MMA fighter refuses to let Down syndrome keep him out of the ring

Garrett Holeve, a Mixed Martial Arts fighter with Down syndrome, is fighting for the right to compete in sanctioned events. (Stian Roenning photography photo)
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A 24-year-old Mixed Martial Arts fighter with Down syndrome, Garrett Holeve says he’s ready for a fight, but to him, his fiercest opponents aren’t in the ring: They’re the people stopping him from climbing into it.

“I can (do it). Don’t mess with me,” Holeve told “I’m a blue belt.”

Holeve is backing up his fighting words with actions. Armed with a lawyer and the support of family members and fans, he's taking on the Florida State Boxing Commission and other organizations he views as standing in his way. Last August, minutes before the opening bell, the boxing commission ordered the cancellation of a bout between Holeve and David Steffan, a Special Olympian with cerebral palsy.

Holeve’s father, Mitch, said “ignorance” led to a cease-and-desist letter that’s preventing his son from competing in sanctioned events.

“This is a fair match-up,” he said of the bout between his son and Steffan, emphasizing that amateur fights have built-in rules to protect fighters. “We think that their limitations kind of offset themselves.”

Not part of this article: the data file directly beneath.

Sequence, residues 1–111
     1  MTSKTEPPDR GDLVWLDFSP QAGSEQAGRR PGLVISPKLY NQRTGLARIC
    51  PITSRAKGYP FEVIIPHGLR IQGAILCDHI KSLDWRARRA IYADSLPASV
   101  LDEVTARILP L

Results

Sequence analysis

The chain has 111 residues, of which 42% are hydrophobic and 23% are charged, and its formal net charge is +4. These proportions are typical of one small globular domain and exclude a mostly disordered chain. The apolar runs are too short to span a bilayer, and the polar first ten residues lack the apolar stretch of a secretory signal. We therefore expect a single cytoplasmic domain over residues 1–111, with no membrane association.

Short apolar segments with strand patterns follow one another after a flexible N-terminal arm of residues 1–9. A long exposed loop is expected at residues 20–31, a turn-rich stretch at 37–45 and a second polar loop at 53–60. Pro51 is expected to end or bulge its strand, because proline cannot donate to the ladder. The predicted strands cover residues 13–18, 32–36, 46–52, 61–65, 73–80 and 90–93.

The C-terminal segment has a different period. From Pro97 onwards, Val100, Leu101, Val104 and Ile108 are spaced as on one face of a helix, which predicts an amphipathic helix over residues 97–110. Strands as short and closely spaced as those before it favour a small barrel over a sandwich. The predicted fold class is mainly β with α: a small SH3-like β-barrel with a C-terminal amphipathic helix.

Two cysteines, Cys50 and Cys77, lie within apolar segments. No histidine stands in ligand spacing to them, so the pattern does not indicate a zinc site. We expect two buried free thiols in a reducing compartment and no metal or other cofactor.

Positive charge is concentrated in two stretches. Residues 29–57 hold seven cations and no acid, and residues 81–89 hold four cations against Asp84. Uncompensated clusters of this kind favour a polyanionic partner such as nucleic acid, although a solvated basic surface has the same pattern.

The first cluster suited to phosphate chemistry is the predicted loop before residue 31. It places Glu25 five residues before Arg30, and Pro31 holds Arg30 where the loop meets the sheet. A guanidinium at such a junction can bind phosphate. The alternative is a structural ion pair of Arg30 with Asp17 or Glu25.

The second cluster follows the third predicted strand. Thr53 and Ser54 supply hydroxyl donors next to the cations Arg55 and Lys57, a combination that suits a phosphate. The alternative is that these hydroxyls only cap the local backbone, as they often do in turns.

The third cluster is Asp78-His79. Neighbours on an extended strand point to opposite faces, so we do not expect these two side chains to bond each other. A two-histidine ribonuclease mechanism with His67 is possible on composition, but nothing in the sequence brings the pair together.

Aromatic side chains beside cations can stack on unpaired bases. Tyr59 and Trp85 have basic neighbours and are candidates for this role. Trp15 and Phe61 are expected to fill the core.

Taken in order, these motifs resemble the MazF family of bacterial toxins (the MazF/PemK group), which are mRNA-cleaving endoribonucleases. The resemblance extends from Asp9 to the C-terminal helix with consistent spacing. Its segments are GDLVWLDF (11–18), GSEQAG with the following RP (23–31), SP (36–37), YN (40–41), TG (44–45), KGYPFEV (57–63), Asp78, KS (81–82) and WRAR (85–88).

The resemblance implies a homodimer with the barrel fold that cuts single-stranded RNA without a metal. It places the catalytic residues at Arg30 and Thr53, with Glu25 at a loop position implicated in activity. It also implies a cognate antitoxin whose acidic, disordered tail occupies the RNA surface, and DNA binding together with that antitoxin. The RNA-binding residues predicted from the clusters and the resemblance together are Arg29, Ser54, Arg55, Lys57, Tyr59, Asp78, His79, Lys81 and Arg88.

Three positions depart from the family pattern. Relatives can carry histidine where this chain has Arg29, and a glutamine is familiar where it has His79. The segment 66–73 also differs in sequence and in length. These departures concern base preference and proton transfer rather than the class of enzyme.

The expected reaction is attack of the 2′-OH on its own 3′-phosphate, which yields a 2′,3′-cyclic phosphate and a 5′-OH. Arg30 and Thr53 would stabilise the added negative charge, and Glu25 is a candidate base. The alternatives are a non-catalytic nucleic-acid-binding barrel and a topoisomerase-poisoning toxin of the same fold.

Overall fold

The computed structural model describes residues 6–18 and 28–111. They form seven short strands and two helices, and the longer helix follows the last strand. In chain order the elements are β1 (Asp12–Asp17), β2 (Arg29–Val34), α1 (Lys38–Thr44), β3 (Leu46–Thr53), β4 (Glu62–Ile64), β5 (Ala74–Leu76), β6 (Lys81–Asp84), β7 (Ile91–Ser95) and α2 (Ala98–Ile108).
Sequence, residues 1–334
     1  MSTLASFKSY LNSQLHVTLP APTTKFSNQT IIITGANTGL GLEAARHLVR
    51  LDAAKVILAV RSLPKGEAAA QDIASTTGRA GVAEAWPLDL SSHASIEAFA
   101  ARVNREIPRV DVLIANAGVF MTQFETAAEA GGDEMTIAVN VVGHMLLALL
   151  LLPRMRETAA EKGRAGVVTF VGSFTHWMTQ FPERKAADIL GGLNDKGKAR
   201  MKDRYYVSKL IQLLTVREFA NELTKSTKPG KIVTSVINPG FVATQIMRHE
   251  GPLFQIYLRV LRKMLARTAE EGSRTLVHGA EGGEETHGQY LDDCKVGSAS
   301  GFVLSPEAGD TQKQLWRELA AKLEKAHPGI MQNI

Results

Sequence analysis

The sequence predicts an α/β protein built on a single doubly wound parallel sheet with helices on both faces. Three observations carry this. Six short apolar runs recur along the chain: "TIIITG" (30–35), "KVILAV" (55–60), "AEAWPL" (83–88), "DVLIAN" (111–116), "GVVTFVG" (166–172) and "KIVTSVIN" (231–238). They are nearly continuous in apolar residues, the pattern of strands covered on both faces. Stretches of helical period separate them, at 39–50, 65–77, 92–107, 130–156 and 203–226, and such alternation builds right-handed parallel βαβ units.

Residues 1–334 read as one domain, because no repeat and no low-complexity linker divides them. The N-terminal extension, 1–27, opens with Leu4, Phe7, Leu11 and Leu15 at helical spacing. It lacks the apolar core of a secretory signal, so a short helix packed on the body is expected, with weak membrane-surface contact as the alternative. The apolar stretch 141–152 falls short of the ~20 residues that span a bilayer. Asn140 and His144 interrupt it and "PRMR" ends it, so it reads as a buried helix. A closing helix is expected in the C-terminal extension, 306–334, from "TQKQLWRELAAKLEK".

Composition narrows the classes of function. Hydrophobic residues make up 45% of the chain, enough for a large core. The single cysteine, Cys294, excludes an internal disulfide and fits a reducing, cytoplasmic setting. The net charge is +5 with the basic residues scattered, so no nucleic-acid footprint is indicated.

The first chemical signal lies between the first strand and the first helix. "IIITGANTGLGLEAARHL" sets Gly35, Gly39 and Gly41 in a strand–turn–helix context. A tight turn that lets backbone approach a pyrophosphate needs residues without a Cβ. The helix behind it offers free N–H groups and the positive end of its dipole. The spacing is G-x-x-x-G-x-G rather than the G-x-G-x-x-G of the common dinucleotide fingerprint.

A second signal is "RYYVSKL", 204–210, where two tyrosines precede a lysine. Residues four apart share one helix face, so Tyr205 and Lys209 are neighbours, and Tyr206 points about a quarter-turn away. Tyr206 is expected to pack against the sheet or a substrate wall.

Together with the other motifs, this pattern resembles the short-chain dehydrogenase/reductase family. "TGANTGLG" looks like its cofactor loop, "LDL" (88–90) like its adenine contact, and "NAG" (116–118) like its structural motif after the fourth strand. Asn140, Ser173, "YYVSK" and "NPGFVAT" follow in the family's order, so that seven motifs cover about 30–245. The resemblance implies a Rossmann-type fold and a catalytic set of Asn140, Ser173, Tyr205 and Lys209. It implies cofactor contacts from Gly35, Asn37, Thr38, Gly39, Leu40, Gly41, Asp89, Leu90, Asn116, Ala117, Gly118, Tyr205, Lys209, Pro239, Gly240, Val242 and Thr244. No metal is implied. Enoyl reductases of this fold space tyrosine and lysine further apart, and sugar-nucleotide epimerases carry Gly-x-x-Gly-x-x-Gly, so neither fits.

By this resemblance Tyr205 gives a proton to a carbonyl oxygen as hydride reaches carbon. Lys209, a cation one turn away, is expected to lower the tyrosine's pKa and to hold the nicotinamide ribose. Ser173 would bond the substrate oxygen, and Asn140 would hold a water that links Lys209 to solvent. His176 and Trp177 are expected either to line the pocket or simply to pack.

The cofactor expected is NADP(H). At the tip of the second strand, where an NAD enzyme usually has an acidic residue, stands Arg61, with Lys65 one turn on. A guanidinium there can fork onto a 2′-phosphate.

With multiple soft-exhibition events under his belt, Holeve — whose nickname is G-Money — has spent four years training at the American Top Team martial-arts academy in Weston, Florida. Although his father acknowledged that Garrett has a slower reaction time than most fighters, he said he believes it's all about the matchup.

"He’s not trying to take on [three-time UFC welterweight champion] Georges St-Pierre,” Mitch Holeve told

At least not yet. “I want to,” Garrett said.

In February 2013, Holeve took on “Monster” Mike Wilson in a three-round bout. The match opened with Wilson’s haymaker to Holeve’s head, but Holeve remained on his feet and fought on, going the distance. At the end, the ref declared both combatants winners.

“It makes me feel pumped,” Holeve said.

The August fight with Steffan was meant to be a follow-up to Holeve’s bout in February.

In response to critics who call Mitch Holeve irresponsible for allowing his son to fight, the dad replied, “They’ve never met my son. If they were in my shoes, and they did anything different, then I think they’d have to do deal with the consequences of not doing what he loves to do.”

His son added, “My dad’s not crazy. They’re the ones who are crazy.”

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